Day 5 – My dad’s sister Inga never had kids. I was the closest thing to it, and a girl to boot, so she was extra nice to me. She had African violets and baby tears in an east window, she tatted in the evenings while her husband read the papers and Farm Journal. She washed all their clothes in a wringer washer in the basement, hanging them to dry on lines strung across the room in winter, and ironed everything after it dried. She and her husband started farming in the hardscrabble Depression years. I was a kid so I’m not sure about this, but I don’t think they ever owned land or a house. They moved three times in the years that I can remember, the last time to a house in the tiny village close to us. The year I was in 7th grade we had a particularly snowy winter. Mom and I went to stay with them in town when Dad gave up keeping the driveway cleared (that’s our driveway in the picture). I clearly remember coming home when most of the snow had melted in April, after six weeks in town, and planting myself on a rock in the pasture to watch the little rivers made by the melting snow. It sealed my fate as a country girl to the bone.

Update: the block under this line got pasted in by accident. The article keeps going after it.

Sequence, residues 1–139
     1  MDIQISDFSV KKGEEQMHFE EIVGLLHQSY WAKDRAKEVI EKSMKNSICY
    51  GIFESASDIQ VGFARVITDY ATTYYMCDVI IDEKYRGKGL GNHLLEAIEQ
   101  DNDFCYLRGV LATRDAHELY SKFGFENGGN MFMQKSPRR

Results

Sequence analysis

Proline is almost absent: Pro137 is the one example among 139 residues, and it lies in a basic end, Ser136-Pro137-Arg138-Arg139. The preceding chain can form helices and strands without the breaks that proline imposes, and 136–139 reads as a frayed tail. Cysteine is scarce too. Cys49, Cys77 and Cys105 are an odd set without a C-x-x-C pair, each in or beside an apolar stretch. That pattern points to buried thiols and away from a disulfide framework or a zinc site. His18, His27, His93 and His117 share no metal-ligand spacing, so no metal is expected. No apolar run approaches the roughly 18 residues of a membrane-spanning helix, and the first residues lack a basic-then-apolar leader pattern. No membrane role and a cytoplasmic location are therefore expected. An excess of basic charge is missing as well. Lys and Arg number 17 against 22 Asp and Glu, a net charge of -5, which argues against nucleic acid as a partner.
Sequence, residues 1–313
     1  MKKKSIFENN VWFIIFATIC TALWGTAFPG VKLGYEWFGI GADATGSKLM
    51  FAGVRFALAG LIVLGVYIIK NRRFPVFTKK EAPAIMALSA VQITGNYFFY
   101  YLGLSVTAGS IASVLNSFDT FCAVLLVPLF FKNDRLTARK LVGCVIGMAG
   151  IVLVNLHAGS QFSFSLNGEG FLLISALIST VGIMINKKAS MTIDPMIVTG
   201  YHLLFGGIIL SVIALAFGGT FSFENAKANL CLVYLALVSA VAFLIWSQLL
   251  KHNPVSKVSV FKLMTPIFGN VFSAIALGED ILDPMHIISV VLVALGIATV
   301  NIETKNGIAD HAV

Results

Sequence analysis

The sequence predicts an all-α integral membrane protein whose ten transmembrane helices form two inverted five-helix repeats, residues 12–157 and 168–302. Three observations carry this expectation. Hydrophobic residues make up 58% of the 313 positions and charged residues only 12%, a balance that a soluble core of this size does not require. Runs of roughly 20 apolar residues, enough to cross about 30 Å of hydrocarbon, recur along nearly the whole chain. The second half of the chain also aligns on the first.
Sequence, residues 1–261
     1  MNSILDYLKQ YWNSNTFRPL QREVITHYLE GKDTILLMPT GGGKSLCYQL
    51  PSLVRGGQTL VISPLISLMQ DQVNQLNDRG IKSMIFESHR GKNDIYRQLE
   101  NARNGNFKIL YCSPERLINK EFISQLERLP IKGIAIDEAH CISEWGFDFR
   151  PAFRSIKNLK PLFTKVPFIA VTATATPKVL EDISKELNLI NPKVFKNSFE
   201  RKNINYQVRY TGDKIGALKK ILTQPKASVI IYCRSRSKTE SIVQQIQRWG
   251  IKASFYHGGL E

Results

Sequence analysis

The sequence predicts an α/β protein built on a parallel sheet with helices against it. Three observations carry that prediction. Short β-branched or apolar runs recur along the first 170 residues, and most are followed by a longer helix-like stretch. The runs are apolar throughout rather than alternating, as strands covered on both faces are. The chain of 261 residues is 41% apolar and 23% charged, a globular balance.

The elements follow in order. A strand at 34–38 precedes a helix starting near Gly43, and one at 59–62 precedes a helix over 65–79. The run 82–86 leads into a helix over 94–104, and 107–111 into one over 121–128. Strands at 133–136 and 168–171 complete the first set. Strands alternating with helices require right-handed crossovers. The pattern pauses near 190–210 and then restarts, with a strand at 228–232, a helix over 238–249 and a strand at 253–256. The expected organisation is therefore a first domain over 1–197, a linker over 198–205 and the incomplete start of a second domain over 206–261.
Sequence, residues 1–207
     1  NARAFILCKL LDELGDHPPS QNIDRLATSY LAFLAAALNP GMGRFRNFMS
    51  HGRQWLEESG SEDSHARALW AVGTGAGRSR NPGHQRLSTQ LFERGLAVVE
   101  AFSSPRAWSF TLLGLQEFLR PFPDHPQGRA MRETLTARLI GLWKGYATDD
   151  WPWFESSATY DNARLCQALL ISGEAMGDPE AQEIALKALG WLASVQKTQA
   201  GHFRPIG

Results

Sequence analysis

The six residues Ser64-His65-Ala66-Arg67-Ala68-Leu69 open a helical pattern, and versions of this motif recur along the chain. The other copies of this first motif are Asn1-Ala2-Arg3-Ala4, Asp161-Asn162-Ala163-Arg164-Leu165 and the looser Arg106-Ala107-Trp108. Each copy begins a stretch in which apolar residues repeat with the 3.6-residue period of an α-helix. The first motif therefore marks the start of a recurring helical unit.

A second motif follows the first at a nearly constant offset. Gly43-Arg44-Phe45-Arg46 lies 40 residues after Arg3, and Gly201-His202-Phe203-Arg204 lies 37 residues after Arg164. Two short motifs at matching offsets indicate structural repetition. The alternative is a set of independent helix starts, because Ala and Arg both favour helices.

During that six weeks at Inga’s house we did a little baking to entertain ourselves. This recipe was one of her standbys, and the influence of Depression years is reflected in the name and sparse ingredients. But I loved these simple cookies and went home with the recipe on a card in my girlish handwriting. It isn’t necessarily a Christmas cookie, but it’s a buttery, tender cookie that can act as a counterpoint to all the rich, frosted, filled confections at the sweets table.
– Joan, 7 December 2018
- 1-2/3 cups all-purpose flour
- 1/2 cup powdered sugar
- 1/4 cup cornstarch
- 1 cup cool butter
Preheat oven to 400°F.
Blend flour and cornstarch. Cream butter with powdered sugar, then add flour and cornstarch. It will appear a little dry, as in the photo at right. Roll out dough 1/8″-1/4″ thick and cut as desired. Bake on ungreased cookie sheets 6-8 minutes, depending on thickness, just until edges begin to brown. Cool completely before storing or freezing.